Figure 1 compares mean military wages and salaries against median personal income in the United States between 1977 and 2021. Over this period, mean military compensation was above median civilian income, and, on average, military personnel were in the upper half of U.S. income distributions.5 Generally, in the early stages of the AVF, DoD policy goals with respect to income percentiles were met, and from 1977 until about 2002, the gap between mean military compensation and median civilian personal income was fairly constant.
Unfortunately, since 2002–3 the gap between civilian and military compensation has ballooned. Some of this is a byproduct of stress on the force. The increase in relative compensation since 2003 was concurrent with and symptomatic of challenges in military recruiting, particularly for the Army, during the FY2005–7 period.6
Institutionally, the military dealt with part of this issue by adjusting quality standards for recruits, but it also threw money at it. So, while DoD policy since 2002 has been to target military compensation at the 70th percentile of incomes relative to civilian compensation (adjusting for age and education), in practice, compensation (the sum of salary and benefits) now exceeds the 90th percentile for enlisted personnel and approaches the 80th percentile for officers.7
For context, compare relative wage growth of military and civilian incomes in the U.S. government. In 1977, the base salary of a GS-5 was 25 percent higher than the base salary of an E-6, but by 2017, the relationship had reversed, and the uniformed service member was 25 percent more expensive in base salary than a civilian federal employee. Indeed, as can be seen in Figure 2, civilian personnel have been markedly cheaper than uniformed personnel essentially since the beginning of the war on terrorism era.8 When compared with both general civilian incomes and GS incomes, military pay clearly stacks up well. Failure to compete with civilian salaries does not appear to explain current recruiting shortages. Money is not the problem.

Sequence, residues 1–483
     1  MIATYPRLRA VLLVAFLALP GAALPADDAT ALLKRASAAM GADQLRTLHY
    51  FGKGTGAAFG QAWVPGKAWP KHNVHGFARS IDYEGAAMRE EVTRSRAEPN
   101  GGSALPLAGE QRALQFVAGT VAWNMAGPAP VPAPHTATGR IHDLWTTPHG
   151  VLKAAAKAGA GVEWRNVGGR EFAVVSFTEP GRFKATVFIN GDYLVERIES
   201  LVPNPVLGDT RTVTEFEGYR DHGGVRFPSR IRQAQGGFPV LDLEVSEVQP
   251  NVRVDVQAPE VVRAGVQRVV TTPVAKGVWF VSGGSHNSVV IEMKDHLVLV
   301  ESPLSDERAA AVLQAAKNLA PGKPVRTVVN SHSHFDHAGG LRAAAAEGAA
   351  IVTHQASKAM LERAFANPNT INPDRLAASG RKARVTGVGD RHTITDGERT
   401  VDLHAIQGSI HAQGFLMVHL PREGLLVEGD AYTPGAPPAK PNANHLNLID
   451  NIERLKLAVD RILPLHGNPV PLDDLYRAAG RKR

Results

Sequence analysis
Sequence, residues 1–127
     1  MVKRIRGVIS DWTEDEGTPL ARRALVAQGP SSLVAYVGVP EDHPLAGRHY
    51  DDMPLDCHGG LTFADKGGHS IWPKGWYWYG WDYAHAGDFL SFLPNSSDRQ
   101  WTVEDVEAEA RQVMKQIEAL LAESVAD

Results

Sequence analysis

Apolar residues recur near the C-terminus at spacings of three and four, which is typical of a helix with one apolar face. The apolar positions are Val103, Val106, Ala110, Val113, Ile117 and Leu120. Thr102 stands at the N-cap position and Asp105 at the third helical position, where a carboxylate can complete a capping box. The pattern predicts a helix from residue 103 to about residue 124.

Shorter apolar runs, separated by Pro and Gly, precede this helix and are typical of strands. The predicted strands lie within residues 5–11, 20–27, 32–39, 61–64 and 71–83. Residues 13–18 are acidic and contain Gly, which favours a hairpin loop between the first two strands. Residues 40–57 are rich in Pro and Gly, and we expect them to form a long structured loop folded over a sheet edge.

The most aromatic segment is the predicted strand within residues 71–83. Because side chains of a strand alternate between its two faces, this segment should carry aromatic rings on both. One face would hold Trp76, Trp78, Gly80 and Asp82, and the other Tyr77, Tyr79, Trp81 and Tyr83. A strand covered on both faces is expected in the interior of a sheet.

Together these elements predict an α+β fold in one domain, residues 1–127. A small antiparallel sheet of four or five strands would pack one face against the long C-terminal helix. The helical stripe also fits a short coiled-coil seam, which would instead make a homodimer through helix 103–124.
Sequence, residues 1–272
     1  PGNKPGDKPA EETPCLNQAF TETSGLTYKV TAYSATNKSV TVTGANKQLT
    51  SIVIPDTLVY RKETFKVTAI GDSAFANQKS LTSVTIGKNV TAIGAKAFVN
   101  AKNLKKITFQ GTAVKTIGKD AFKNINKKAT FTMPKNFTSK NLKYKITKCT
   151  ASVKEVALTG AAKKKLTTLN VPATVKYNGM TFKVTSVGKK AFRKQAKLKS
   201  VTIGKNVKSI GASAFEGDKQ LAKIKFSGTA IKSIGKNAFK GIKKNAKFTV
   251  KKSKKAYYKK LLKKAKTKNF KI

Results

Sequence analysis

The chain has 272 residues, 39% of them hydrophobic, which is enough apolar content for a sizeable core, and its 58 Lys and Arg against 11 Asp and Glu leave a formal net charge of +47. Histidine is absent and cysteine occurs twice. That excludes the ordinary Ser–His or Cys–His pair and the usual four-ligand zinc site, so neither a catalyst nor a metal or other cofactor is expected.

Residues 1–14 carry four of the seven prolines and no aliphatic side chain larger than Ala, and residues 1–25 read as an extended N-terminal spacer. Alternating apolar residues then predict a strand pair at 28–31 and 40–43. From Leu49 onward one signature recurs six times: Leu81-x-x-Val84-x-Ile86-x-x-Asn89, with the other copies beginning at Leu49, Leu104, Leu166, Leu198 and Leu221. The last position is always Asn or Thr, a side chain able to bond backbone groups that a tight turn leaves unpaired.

. . . Costs Are
Costs, however, are a serious problem. Between 2000 and 2014, while total defense budget authority rose by 33 percent, military personnel costs increased by 46 percent, and real (inflation-adjusted) base pay for active-duty personnel rose by 19 percent. Even with the effects of the 2011 sequestration, the higher rates of increase for personnel costs relative to overall budgets meant that military personnel costs approached one-third of the defense budget by FY18.9 And while the rate of increase declined over the past five years, personnel compensation still accounts for more than 25 percent of the defense budget.10
So, the Navy is not achieving recruiting goals despite devoting ever-increasing resources to military compensation. Worse, the Navy’s FY23 shipbuilding plan assumes increases in appropriations from 23 to 35 percent relative to the last five years—despite Congressional Budget Office estimates that the federal budget deficit will double by FY33 and the national debt will increase to 119 percent of GDP, the highest on record, over the same time period.11
Something has to give. Spending on personnel is already markedly above target levels but still failing to achieve goals, while the Navy is committing itself to increasing shipbuilding faster than national income growth. In the present budget environment, the two are not compatible. Left unchecked, spending on personnel threatens virtually all other defense-related spending, most notably the Navy’s recapitalization and expansion efforts. Supporting both higher personnel costs and a larger fleet is feasible only if defense expenditures increase from roughly 2 percent of GDP/year to 4-6 percent—rates not seen since the height of the Cold War—and even then only by further ballooning the deficit, raising taxes, or dramatically reducing other areas of the U.S. budget (e.g., Social Security, Medicare, etc.). None of those are attractive options.